There are of course other reviewers who seem to have no problem whatsoever giving “an honest and unbiased review” and don’t hold back saying things like “Utter rubbish, waste of time” and give it one star before leaving (or not leaving) a tentative “Thanks to NetGalley for the review copy” …at which point I’m wondering if it’ll be the reviewer’s last free review copy and any future request will remain eternally in the “Your request is pending…” queue? Even if I think a book is ‘utter rubbish’ I’d hope to at least give constructive reasons why I didn’t like it and just leave the more diplomatic conclusion I’ve seen some people write, “others will like it but not for me.” I always smile reading that, it’s like throwing it in a nicely scented bin.

So after some reflection I decided if I was going to do ‘proper reviewing’ I would need to do it honestly. I can’t say a book is great if I don’t think it is great. I can’t give a poor story a glowing review on the basis that there was a lot of research involved. I have given books ratings according to my honest opinion and have tried to relate my honest opinions and tried to do so respectfully. I have given marks from two to five so far. I haven’t yet given any book one out of five for the simple reason that I haven’t yet read a book I considered that bad. Yet when I do (I’m sure the day will come) then I won’t hold back from giving one out of five if I think that’s what it merits but I will say why.*

Among several things reviewing books on NetGalley has taught me is to engage in a bit more self-analysis and ask why I didn’t or indeed did like a book. That’s a pretty good thing to do and sometimes it can change everything.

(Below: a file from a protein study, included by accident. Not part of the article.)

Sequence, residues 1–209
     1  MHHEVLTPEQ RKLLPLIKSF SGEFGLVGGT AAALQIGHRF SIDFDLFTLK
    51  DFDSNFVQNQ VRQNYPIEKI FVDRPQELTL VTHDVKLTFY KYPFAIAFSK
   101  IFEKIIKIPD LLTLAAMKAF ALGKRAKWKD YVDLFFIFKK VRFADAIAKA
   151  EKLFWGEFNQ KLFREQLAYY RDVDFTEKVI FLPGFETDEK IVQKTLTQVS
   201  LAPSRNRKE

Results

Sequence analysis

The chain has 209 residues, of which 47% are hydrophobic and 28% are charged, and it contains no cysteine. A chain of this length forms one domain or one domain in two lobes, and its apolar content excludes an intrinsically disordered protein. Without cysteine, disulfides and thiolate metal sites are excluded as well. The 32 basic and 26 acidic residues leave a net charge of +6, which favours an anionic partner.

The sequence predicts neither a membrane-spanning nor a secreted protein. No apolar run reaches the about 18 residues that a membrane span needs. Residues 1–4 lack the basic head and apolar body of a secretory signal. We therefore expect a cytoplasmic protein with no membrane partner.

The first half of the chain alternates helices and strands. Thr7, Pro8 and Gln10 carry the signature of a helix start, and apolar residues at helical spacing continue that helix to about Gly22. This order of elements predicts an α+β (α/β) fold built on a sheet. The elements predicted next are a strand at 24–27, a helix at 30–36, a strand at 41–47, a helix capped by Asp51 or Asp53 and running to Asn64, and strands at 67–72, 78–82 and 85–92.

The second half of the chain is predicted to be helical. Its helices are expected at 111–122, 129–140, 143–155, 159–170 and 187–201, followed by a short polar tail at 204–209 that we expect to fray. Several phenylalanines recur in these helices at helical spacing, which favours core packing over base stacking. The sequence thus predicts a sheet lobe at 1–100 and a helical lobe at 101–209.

I read one book where in all honesty I didn’t think the writing was of a particularly good standard and because of that I was reading and telling myself I wasn’t enjoying the story. Then it finally dawned on me that I was actually enjoying the story, in fact it became one of the best I’d read, but I’d been allowing my low view of the literary standard to colour my appraisal of the story myself.

In the end I realised it was a painfully honest account from the author of their life and to try to write it in some high literary style would not have been true to them or their story and in fact when I realised this I discovered that actually, looking from that perspective, the writing was good. It did exactly what was intended. It told the story in the author’s own voice and that’s why it worked so well. To maintain balance I’ll say I’ve also read some books where the literary standard was pretty high but the story itself was poor quality. Great writing cannot make up for a poor story.

I read some hints that said that you should try to read books where you think you have something unique to say. I actually think that way no matter the book. I have a voice, it’s unique. You have a voice, it’s unique. That’s worth celebrating…and writing about.

So those are some of my thoughts on NetGalley.

Thanks for reading.

*I’ve since given a book one out of five but I did given my reasons in what I hope was a fair minded way. I’ve no idea what will happen if I request another book from that particular publisher though!

 

 

Be nice, be contrary, but don't be rude :-)